There are several revenue-generating industries — in sustainable and clean energy, agriculture, tourism and resource management — that there would be lifelong careers and not just jobs.

What would you do as MLA to improve the GNWT's relationship with Indigenous people?

As an Indigenous person who is evidence of the archaic, unbalanced policies that are imposed on Indigenous peoples that have had serious ramifications, I shall utilize the CHA Factor to build a reconciliatory relationship through an Indigenous confederacy. CHA represents collaborative, healing, and activating mechanisms.

I would unmunicipalize Tu Nedhe-Wiilideh with a full transfer transition to local Indigenous governments, debt forgiveness for all curb services as to not be a barrier to safe living conditions, terms to be mutually determined through a referendum or accord, and to equalize the forum.

Acknowledge all Indigenous languages with an arts and culture education centre; mutually agree to terms of respectful protocol for Indigenous governments and other sectors of society that have had their voices muted or ignored; enhance or accelerate land claims between federal and Indigenous and as per Indigenous protocol; [and] protect and preserve the ways of life that our Dene, Métis, Inuit, and others have created together.

If elected, will you be seeking a cabinet position?

Yes.

Would you like to be premier?

No.


Paul Betsina

(Submitted)

Why did you decide to run for office? 

Growing up I was surrounded by great leaders of the past. They guided me and taught me how to be kind, humble, speak the truth, and honour my elders and family. It was encouraged to me by close family and friends to think about running to represent our region in the legislature. I am a husband and a father of three children and they inspire me to do the absolute best for our people.  

What previous experience would you bring to the role of MLA? 

I have had success in being elected twice in my home community as a councillor. Before that, I held various supervisory roles throughout my career, and trained apprentices. 

What is the accomplishment you are most proud of? 

Next to being a good husband and father to my children, I've got to say it's making it this far with no real formal post-secondary schooling and relying solely on my hard work and dedication to my people, knowing that I have to work that much harder and learn on my own to do the best work I can.

But during my time on council I was a part of a negotiation team that consisted of Tlicho, Lutsel k'e, and YKDFN, and collectively our team negotiated a never-before seen attempt to work together in getting a fair equal deal that works very well for all of our people and knowing that our children will be looked after even when the mine shuts down.

Also I was a part of our trust fund committee (Gosoomba dehshe, which means "our money grows"). This will ensure our First Nation keeps its current programs and operations running, and leaves much room for improvement. 

What do you think is the biggest issue facing the territory? 

Having access to affordable housing. I've been throughout the N.W.T. as I have family in many regions, and the same issue is in every region.

We also need to revisit the permitting and licensing for industry to be more attracted to the North. Our economy is slowing down due to diamond mines nearing the end of their lives. We have other resources that companies and industry have walked away from because our processes from exploration to production is way too long for any junior prospector or even a major industry leader to take on.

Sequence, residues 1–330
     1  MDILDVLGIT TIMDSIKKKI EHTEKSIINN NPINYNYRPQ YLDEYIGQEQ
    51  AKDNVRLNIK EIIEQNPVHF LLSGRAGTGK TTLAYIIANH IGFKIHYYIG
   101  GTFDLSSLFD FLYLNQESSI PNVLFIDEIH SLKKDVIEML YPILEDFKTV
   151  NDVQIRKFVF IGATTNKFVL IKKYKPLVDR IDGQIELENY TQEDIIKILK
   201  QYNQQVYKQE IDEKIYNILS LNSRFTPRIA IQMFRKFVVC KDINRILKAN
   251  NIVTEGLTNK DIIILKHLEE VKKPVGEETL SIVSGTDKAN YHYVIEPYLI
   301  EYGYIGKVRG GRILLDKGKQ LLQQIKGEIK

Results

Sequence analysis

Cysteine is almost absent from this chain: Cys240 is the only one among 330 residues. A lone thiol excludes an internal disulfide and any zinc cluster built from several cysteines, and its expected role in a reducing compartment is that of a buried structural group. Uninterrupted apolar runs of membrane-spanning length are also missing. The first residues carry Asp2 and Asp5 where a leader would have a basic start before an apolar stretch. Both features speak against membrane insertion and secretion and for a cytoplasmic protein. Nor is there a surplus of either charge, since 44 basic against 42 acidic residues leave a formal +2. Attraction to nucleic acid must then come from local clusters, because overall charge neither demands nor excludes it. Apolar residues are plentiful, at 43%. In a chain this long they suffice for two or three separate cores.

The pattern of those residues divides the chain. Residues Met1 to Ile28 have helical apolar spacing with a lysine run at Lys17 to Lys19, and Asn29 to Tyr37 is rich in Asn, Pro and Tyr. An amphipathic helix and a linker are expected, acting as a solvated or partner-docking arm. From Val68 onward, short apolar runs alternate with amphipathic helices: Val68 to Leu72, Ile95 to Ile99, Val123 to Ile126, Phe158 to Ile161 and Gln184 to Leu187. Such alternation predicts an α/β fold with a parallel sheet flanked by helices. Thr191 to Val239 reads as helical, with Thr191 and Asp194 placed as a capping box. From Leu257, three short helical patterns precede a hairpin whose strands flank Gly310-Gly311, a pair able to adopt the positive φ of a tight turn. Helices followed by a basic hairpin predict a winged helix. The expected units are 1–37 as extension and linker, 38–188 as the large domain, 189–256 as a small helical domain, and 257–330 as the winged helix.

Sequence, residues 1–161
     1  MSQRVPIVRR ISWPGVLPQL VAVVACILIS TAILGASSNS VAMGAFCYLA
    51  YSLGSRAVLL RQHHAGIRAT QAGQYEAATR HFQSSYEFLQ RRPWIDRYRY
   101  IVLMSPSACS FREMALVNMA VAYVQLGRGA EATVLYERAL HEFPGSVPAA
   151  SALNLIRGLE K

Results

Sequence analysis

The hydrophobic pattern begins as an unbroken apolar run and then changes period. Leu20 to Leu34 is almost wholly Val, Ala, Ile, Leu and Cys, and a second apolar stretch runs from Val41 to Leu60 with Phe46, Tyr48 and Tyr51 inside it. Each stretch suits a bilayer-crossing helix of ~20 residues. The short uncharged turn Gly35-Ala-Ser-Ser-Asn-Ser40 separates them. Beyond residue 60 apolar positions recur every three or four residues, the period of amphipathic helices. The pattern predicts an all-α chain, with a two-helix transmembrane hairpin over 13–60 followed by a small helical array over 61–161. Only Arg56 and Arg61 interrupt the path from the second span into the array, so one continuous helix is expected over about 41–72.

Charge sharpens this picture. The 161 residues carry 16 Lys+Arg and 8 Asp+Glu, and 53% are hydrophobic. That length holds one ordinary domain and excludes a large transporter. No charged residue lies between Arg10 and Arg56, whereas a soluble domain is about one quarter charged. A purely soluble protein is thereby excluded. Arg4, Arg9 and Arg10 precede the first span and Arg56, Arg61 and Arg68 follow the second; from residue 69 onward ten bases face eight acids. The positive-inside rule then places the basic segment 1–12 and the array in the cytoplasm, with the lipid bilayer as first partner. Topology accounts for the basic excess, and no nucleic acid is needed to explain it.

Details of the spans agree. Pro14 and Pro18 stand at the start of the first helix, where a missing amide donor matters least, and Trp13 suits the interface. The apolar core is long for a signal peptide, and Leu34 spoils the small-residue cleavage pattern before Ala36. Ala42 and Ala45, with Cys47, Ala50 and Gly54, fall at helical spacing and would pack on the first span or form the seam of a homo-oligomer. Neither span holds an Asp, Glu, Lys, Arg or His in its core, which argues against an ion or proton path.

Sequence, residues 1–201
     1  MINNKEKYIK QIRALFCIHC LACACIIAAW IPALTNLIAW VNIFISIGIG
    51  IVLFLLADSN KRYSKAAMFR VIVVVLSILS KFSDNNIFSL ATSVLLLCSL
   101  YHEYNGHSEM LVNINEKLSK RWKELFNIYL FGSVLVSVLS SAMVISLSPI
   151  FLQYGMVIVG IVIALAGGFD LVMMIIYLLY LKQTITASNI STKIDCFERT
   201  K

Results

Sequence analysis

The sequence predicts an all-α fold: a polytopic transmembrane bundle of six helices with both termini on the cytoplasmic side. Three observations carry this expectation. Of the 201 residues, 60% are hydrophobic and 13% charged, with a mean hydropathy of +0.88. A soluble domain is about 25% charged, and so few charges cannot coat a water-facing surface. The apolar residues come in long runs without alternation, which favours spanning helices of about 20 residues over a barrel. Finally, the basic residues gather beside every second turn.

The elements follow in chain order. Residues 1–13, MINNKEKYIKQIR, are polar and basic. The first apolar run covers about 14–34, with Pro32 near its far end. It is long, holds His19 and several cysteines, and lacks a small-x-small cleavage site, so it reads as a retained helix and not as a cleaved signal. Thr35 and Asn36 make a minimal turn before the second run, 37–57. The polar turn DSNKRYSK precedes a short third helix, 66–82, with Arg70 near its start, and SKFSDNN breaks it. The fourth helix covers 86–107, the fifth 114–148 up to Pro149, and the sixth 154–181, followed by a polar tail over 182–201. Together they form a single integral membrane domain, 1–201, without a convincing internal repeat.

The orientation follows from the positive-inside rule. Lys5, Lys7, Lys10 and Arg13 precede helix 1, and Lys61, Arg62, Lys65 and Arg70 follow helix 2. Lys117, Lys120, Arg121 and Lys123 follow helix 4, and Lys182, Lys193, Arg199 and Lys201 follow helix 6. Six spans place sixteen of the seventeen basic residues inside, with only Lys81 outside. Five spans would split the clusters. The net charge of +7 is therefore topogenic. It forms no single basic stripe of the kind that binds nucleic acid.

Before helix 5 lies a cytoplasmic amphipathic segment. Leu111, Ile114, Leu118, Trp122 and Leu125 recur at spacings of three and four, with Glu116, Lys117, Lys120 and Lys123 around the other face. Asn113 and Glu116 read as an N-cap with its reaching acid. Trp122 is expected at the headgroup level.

What is the biggest issue in your riding? 

Employment and housing. 

If you could accomplish only one thing while in office, what would that be?

I would like to see our economy pick up again, but that would take a major push by all MLA's and Cabinet as four years is a small window. It takes industry — with our current permitting and licensing process — 10 years to get any major project from beginning stages of exploration to production.

Without a good economy, there is not much incentive for people to live and play in the North. Cost of goods and services don't match with what is in the south. Next to the government, our resource sector is our biggest contributor to jobs.

What would you like to see the territory do to address the impacts of climate change?

In the N.W.T. we have 23 communities that rely on diesel power generation plants. We need more resources put toward finding solutions to reduce our emissions. There is solar and wind, and pellet heated homes and boilers are being more used in the North. This also needs to be heavily subsidized by the territorial and federal government.

In my door to door, I gave some advice to a young high school student. I said he should learn everything there is to know about alternate energy solutions, as that is the next big thing in the North and he could design and engineer homes and buildings to be more efficient. 

What would you change about how the government currently operates?

As with any government, there is always room for improvement. In my experience and from what our people have told me, they would like to see their GNWT representative more often, and give updates and hear their concerns in their community. 

What do you think the GNWT must do to improve and protect the territory's economy?

Refer to question 4.

In addition to that, we need to ratify and complete the land claims. Our people have will have the resources, and most importantly, their own solutions, to their needs and concerns once land claims are settled.

We also need to work with all stakeholders of the next major projects in the regions of the Taltson hydro expansion, Slave Geological Province and the Mackenzie road extension project. 

What would you do as MLA to improve the GNWT's relationship with Indigenous people?

Well I would have to say with my experience in serving as an elected councillor for YKDFN for two terms is that we need to be more involved and available when needed to push for their needs.

If elected, will you be seeking a cabinet position? 

All my heart and energy is going into being elected first. If elected, then we will talk. 

Would you like to be premier? 

Not at this time.